Project Participants

University of North Carolina
Department of Cell and Developmental Biology
Isaac Taylor Hall
CB 7090
Chapel Hill, NC, 27599

Dr. O. W. Henson, Jr., Ph.D. Project Director:
Anatomist (human and comparative) and electrophysiologist. Played key role in image analysis and anatomical interpretations
Dr. Miriam Henson, PhD. Co PI:
Specimen preparation, organization and registry of data sets, researched fixatives and contrast agents to enhance imaging of membranes and fluid filled spaces
Arthur Keating, MS Biomedical engineer:
Art wrote the programs and macros that allowed us to use NIH Image for quantitative analysis of cross-sectional areas in spiral structures.
Thomas Hazel, MS Technician:
Graphics engineer; did all the initial work on quantification, reconstructions and 3D analysis of guinea pig cochlea and human middle ear.
Sheila St. Amour, MS Computer technician:
Reconstructions of mouse, bat, chinchilla and frog ears; supervision of student projects, coded and helped design this web site.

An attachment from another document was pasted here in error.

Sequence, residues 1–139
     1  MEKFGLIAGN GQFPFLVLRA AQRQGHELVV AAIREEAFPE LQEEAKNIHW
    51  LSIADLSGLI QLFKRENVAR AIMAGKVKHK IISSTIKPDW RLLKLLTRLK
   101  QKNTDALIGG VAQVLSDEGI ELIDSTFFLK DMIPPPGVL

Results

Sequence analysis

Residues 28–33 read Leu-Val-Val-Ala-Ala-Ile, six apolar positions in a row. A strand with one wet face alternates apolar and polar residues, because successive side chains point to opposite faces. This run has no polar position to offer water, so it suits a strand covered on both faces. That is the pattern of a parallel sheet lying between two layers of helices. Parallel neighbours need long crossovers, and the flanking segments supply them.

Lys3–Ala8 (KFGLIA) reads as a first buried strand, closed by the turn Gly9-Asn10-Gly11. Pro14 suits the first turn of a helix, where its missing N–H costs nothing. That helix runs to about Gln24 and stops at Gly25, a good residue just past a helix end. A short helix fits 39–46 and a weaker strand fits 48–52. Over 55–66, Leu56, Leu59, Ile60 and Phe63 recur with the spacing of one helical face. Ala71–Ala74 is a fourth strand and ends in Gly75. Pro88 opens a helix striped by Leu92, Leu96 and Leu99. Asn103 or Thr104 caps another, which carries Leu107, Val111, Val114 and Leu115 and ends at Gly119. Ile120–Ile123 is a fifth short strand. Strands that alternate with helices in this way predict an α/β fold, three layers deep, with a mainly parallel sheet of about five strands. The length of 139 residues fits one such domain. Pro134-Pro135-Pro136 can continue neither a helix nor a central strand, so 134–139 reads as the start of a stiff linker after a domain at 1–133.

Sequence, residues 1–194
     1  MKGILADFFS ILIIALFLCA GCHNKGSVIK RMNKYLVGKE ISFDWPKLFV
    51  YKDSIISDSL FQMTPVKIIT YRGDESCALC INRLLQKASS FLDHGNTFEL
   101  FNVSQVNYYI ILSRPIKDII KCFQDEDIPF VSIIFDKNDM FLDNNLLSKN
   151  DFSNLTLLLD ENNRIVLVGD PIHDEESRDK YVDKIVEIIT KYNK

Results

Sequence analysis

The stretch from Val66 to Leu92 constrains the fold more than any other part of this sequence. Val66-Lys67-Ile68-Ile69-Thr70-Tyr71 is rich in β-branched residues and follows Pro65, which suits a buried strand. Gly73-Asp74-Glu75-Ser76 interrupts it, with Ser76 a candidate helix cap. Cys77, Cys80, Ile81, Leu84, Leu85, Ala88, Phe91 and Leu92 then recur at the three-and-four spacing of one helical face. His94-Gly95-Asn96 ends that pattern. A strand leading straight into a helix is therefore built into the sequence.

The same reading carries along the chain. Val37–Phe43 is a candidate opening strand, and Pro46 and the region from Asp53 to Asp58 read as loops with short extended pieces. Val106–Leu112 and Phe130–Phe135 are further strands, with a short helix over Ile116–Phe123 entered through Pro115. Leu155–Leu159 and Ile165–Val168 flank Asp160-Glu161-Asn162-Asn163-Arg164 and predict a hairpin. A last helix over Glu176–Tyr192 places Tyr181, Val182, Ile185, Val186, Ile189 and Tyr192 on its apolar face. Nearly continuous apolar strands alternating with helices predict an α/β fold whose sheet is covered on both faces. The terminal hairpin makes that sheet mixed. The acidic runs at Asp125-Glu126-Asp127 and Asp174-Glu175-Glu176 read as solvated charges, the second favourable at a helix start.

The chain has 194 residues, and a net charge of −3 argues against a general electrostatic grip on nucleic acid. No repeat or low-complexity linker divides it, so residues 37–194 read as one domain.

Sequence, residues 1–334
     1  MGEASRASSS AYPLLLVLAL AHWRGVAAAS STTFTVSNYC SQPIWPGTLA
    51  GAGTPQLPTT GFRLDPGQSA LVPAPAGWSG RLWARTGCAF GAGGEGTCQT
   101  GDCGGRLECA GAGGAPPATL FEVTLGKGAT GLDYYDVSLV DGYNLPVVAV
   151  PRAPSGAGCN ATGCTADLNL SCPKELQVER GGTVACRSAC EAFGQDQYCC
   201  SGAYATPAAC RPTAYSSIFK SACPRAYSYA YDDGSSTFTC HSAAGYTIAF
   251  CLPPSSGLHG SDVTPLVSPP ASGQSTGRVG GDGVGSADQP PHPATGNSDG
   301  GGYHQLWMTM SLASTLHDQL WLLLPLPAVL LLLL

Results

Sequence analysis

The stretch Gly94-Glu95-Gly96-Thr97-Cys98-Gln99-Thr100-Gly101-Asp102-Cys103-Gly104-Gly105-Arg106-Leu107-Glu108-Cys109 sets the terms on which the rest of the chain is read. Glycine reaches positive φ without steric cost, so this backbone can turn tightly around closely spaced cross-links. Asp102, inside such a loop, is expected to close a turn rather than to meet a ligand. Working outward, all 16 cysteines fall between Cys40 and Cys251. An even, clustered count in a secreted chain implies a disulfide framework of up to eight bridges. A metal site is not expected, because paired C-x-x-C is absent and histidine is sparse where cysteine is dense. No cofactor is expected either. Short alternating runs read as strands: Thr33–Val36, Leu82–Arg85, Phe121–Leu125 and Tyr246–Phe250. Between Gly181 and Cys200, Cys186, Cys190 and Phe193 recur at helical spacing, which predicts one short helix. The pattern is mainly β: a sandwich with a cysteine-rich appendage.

William Presson, BS Technician:
Segmentation, 3D reconstruction and analysis of guinea pig cochlea
Jennifer Stancil, BS Honors student
Reconstruction and analysis of gerbil temporal bones. Received special recognition from the North Carolina Academy of Science.
Jeff Wilson, MD Resident MD Resident
3D reconstruction and quantative analysis of the mustached bat inner ear.

Duke University
Center for In Vivo Microscopy
Box 3302 Duke University Medical Center
Durham, NC 27710

G. Allan Johnson, Ph.D. Director of Facilities:
A major source of ideas, suggestions and encouragement
Sally Gewalt, MS Software Applications & Visualization:
Carried out all MRM data collection, and made major contributions to image processing and 3D analysis.

Washington University
Department of Otolaryngology
660 South Euclid Avenue
St. Louis, MO 63110

Alec N. Salt, Ph.D. Collaborator:
The group at Washington University prepared some of the guinea pig and chinchilla specimens and performed quantitative analyses of the cochlea fluid volumes in a number of species. The volume data have been used for computer simulations of drug movements in the cochlear fluids by this group.